Proposed SEC Climate Disclosure Rule
August 12, 2022
With new climate-related disclosure rules in the making, the Securities and Exchange Commission has signaled greater enforcement ahead of environmental, social, and governance disclosures. For public companies, these developments signal the most significant overhaul of ESG reporting requirements in two decades. Even though the proposed rules have yet to be adopted, and face all but certain legal challenges thereafter, the SEC climate-related disclosure rules represent a growing global business push for more consistent, transparent ESG reporting standards by companies.
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What is the proposed SEC climate disclosure rule?
The SEC has proposed new climate-related disclosure requirements for public companies. In March 2022, with the “issuer rule,” the SEC proposed rule amendments that would require public companies to provide certain climate-related financial data, and greenhouse gas emissions insights, in public disclosure filings. As part of the issuer rule, companies would have to disclose emissions they are directly responsible for, as well as emissions from their supply chains and products.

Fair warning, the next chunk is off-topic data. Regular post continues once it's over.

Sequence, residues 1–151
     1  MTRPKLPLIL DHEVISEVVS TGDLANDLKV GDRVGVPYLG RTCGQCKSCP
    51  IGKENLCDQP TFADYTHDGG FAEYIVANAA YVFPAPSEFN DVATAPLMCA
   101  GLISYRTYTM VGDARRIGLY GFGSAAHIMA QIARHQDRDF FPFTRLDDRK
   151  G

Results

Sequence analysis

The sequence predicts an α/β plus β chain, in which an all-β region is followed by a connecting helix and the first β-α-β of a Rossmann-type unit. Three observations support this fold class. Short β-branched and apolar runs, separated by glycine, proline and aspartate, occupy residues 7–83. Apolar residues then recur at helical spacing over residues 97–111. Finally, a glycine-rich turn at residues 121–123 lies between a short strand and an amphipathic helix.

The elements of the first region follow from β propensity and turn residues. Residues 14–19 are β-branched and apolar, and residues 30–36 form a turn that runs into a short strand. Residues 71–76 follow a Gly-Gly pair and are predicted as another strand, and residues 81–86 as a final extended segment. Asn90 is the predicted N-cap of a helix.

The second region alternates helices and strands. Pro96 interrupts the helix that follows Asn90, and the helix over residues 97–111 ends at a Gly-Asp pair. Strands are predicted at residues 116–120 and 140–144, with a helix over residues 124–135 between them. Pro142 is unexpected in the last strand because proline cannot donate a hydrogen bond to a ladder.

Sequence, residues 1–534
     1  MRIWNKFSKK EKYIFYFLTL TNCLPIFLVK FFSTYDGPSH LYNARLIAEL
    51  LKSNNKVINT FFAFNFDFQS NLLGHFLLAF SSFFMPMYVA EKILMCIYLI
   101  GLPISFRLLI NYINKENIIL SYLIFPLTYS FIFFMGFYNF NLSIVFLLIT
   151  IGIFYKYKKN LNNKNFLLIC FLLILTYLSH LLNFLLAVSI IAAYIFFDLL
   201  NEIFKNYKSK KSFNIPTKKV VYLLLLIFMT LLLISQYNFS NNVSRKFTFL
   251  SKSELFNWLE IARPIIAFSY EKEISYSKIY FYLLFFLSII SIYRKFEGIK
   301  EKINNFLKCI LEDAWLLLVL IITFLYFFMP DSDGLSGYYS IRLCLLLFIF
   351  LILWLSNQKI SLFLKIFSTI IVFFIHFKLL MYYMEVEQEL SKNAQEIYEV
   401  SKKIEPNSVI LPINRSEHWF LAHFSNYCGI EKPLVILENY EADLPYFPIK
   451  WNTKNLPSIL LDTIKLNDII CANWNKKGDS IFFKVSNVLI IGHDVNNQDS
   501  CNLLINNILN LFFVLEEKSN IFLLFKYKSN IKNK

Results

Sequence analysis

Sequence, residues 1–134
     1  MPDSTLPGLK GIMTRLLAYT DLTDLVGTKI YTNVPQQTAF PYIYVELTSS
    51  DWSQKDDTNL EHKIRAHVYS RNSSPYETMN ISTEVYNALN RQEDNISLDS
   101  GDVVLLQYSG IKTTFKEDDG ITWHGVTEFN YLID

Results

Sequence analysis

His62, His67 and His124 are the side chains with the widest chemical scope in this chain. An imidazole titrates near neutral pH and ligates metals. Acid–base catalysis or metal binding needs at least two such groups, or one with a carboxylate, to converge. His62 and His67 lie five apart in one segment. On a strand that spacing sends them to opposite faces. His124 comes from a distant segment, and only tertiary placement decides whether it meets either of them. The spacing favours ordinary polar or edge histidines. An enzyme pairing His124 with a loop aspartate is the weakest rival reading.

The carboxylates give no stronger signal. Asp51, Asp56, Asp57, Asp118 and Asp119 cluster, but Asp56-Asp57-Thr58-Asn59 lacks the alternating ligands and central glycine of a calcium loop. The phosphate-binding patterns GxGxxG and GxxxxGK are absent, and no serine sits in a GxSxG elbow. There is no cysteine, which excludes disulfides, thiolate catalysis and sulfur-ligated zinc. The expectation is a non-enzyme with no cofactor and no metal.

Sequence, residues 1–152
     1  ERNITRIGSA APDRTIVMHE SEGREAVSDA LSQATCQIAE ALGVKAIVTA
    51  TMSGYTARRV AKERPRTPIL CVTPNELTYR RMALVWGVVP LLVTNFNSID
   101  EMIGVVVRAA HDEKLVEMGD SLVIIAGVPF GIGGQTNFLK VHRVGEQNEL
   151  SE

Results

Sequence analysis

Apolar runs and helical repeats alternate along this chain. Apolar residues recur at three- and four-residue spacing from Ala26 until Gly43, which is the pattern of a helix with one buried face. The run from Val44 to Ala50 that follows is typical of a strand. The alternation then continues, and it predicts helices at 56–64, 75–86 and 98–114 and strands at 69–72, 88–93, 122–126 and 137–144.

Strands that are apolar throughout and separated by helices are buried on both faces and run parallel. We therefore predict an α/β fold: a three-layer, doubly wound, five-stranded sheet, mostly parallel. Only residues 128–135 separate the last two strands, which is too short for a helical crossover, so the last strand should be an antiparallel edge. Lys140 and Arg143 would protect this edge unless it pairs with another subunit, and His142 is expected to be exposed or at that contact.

Then in May, with the “investor rule,” the SEC proposed ESG-focused funds and firms disclose more specifics about their ESG strategies in materials like fund prospectuses and annual reports.
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What implications does the proposed SEC climate disclosure rule hold?
Currently, the SEC does not require extensive line-item disclosure of ESG matters. All that may soon change, as the proposal calls for ESG reporting that goes well beyond current mandates.
To date, companies have largely relied on 2010 guidance, with disclosures based on materiality. This standard, as set forth in the U.S. Supreme Court 1976 decision, TSC Industries, Inc. v. Northway, Inc., and reaffirmed more than a decade later, in Basic Inc. v. Levinson, offers companies considerable discretion in determining what constitutes appropriate climate-related disclosures. Beyond specified ESG reporting requirements based on materiality, issuers typically make any other ESG disclosures through voluntary frameworks, like sustainability reports.